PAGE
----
Bears Insider

Best remaining 2024 NFL Draft prospects who fit Bears' needs after historic Round 1

The Bears will have a long wait before they go back on the clock Friday

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DETROIT -- Thursday was a historic day for the Bears franchise.

Not only did general manager Ryan Poles draft his quarterback of the future in No. 1 overall pick Caleb Williams, but the Bears watched as dynamic wide receiver Rome Odunze fell into their lap eight picks later at No. 9.

The Bears were the no-doubt, clear winners of Round 1 of the 2024 NFL Draft.

Rounds 2 and 3 will commence Friday night, with the Bears not slated to go back on the clock until the middle of the third round at pick No. 75.

The Bears have a long wait Friday night, but plenty of talented players are still available at key positions of need.

Here are the top five players available at each position the Bears could be looking to address Friday.


Cooper Dejean, CB, Iowa: The Bears don't have a need at corner, but Dejean is the top player available after Round 1. The electric Iowa corner was projected by many to be a first-round pick, but a run on quarterbacks, wide receivers, and offensive tackles pushed him to Round 2.

Adonai Mitchell, WR, Texas: Chicago addressed its wide receiver need with Odunze, so Mitchell won't be in the cards. The Texas wide receiver should go off the board quickly Friday night.

Kool-Aid McKinstry, CB, Alabama: Another fringe first-round corner that slipped to Day 2. Don't expect McKinstry to be available for long.

Jer'Zhan "Johnny" Newton, DT, Illinois: Newton is a first-round talent, and many scouts had him as DT1 ahead of Texas' Byron Murphy, who went No. 16 overall. Newton would be an ideal fit as the three-technique in head coach Matt Eberflus' defense, but the Bears will have to make a big move up to secure him.

Ladd McConkey, WR, Georgia: Another talented receiver who won't be around long Friday.

Edge rushers

Marshawn Kneeland, Western Michigan: An explosive edge rusher with long arms, Kneeland is a high-upside pass rusher who would fit opposite Montez Sweat.

Chris Braswell, Alabama: Braswell is coming off a season in which he notched a career-high 8.5 sacks for the Crimson Tide in 2023. He's a little on the lighter side at 6-foot-3, 251 pounds. He could just be a 3-4 pass rusher, which wouldn't fit the Bears' DE mold.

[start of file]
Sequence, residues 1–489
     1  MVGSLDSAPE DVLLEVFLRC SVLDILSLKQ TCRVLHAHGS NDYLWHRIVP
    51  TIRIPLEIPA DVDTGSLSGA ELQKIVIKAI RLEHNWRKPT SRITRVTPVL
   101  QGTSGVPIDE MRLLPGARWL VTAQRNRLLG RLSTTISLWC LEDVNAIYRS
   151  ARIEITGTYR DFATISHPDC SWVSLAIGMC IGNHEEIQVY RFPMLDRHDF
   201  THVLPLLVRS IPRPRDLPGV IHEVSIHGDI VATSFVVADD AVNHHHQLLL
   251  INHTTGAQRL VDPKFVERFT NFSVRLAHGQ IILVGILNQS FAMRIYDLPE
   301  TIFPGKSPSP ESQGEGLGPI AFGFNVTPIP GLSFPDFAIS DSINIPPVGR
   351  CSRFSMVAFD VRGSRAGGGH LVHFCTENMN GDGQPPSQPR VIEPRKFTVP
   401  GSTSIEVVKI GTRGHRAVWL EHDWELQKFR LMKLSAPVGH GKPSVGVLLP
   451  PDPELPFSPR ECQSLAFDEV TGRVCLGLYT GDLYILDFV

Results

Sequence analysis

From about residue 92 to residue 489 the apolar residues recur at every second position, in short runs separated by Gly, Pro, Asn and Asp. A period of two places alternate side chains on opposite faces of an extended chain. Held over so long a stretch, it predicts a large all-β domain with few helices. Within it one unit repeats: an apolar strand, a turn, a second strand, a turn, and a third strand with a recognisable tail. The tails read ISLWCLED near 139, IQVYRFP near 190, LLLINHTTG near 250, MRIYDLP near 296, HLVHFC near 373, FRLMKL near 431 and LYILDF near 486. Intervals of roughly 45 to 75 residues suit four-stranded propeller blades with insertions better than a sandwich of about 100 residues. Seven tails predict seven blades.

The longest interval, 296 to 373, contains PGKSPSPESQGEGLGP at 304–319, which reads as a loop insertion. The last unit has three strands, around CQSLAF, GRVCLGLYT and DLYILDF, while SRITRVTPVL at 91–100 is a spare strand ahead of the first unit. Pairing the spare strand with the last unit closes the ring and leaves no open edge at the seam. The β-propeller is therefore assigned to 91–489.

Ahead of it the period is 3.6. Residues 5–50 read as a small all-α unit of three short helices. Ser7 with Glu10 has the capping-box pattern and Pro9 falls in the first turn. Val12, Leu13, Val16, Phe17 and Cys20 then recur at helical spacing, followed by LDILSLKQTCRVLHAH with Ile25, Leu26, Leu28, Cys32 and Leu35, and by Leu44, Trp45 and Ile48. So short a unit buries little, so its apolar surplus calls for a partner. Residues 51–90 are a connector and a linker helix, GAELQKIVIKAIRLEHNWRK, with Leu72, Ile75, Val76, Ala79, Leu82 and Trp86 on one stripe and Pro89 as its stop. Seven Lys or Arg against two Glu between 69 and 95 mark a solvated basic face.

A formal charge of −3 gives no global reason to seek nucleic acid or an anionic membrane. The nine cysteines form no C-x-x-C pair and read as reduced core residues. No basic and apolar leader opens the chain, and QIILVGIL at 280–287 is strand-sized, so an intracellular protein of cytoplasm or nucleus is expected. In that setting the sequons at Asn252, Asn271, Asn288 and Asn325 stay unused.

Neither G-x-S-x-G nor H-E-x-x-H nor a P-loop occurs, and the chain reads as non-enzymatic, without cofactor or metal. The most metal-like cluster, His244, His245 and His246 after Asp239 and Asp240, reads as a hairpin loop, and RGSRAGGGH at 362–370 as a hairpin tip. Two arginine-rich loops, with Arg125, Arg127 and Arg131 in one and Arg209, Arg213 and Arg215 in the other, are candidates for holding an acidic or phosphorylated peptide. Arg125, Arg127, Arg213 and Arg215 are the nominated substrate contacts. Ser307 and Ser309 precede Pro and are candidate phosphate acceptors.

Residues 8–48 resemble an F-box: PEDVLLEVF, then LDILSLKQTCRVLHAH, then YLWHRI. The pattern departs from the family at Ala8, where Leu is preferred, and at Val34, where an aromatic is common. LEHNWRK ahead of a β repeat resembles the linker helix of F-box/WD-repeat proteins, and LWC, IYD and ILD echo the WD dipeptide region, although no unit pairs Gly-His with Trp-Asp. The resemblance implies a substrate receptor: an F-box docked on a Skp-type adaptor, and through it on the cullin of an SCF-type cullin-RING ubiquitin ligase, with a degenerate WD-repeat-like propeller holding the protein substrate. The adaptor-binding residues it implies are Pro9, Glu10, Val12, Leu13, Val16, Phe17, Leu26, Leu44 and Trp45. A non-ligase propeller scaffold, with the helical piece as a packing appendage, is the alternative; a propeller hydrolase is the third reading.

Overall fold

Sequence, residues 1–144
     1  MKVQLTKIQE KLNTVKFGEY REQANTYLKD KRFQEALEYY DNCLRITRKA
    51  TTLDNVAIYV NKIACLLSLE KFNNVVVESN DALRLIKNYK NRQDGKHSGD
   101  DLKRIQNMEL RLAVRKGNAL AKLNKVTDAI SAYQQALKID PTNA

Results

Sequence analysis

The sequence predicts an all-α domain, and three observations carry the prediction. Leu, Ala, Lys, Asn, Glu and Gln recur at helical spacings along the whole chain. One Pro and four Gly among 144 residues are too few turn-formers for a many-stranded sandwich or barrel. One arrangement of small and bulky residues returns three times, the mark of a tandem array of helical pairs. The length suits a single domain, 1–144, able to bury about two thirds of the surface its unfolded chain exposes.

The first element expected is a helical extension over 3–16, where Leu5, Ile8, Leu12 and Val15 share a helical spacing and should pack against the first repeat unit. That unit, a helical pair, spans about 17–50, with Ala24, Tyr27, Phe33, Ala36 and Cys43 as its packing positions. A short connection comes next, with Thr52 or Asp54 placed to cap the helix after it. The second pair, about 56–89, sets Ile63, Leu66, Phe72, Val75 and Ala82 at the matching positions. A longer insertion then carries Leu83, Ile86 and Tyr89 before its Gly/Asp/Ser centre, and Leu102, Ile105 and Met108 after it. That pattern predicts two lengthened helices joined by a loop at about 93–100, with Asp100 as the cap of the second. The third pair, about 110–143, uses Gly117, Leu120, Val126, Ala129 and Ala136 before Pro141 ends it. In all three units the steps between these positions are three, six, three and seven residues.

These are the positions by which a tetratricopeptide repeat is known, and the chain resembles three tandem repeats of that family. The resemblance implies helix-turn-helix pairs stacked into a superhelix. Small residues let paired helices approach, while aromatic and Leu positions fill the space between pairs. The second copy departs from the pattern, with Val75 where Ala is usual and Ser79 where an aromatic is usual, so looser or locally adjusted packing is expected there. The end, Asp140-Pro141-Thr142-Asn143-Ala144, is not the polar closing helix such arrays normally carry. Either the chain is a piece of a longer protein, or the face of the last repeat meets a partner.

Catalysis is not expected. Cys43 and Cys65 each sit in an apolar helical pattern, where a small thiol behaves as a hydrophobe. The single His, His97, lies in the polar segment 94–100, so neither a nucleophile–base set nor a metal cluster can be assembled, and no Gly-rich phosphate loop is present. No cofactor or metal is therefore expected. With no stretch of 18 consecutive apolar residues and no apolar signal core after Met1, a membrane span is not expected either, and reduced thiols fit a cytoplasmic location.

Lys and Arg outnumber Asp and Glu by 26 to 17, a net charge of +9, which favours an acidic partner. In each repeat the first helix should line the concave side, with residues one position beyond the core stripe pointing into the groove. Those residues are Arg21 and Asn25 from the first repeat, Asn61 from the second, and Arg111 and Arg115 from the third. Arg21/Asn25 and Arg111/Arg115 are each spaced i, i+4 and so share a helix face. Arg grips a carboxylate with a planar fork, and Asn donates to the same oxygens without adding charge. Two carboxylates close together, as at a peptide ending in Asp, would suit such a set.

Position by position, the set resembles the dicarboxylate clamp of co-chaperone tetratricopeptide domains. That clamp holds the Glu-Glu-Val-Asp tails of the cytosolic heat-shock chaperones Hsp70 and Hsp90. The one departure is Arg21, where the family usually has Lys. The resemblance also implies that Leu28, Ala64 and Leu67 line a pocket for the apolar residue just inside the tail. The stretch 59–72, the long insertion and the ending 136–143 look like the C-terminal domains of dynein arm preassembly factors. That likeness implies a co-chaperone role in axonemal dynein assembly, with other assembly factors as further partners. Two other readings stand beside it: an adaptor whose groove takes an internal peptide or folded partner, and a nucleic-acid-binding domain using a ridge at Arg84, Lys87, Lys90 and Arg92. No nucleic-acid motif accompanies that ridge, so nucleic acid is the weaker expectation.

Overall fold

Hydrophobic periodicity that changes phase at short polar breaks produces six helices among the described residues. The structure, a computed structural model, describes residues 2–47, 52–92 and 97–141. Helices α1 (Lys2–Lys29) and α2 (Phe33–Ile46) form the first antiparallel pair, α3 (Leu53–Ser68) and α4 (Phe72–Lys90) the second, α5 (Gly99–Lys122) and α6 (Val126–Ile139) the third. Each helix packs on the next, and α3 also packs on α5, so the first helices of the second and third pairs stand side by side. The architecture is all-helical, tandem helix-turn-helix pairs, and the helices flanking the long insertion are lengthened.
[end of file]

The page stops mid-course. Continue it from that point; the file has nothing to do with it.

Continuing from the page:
Adisa Isaac, Penn State: An explosive edge rusher with all the traits and tools. Scouts believe Isaac might be best in a 3-4 scheme.

Bralen Trice, Washington: A high-motor edge with below-average length, Trice is a relentless rusher who led the nation with 70 pressures last season. His lack of explosiveness might give him a limited ceiling.

Jonah Eliss, Utah: A technical edge rusher with a high motor, Eliss had 12 sacks in 10 games last season. He's a disruptive run defender with the versatility to kick inside at times. Eliss would be an excellent get for the Bears should they find a way to procure him.

Defensive tackle

Jer'Zhan Newton, Illinois

Braden Fiske, Florida State: Explosive three-technique who blew scouts away at the combine. He's not expected to last long into Day 2.

Kris Jenkins, Michigan: Jenkins doesn't have the ideal frame but has good strength plus the quickness and length to be a disruptive interior pass rusher.

Michael Hall, Ohio State: An explosive defensive tackle with violent hands and a quick first step, Hall has the traits to be an effective interior pass rusher in the NFL.

Brandon Dorlus, Oregon: Dorlus has the quickness to line up outside and the strength to play inside. His versatility, traits, and explosiveness would make him an ideal fit for the Bears should he drop to 75.

Offensive line

Jackson Powers-Johnson, C, Oregon: One of the best centers in the class, Powers-Johnson is a dynamic run blocker with elite size and strength. The Bears hosted him on a top-30 visit at Halas Hall. He should come off the board early Friday.

Zach Frazier, C, West Virginia: Another center the Bears hosted for a visit at Halas Hall, Frazier is a nasty, tone-setting center with the athleticism to get to the second level in a zone scheme and the power to seal off defenders. He should also have a short wait Friday.

Kingsley Suamataia, OT, BYU: At 6-foot-5, 326 pounds, Suamataia is a quick, long tackle with powerful hands. He can play on either side of the line.

Roger Rosengarten, OT, Washington: Rosengarten played right tackle for the national runner-up Washington Huskies. He has good lateral quickness to handle the speed off the edge, but his short arms and right-tackle preference make him an unlikely selection for the Bears.

Blake Fisher, OT, Notre Dame: A 6-foot-6, 310-pound tackle who can play right and left tackle, Fisher has the length and agility to develop into a good pass-blocking tackle in the NFL.

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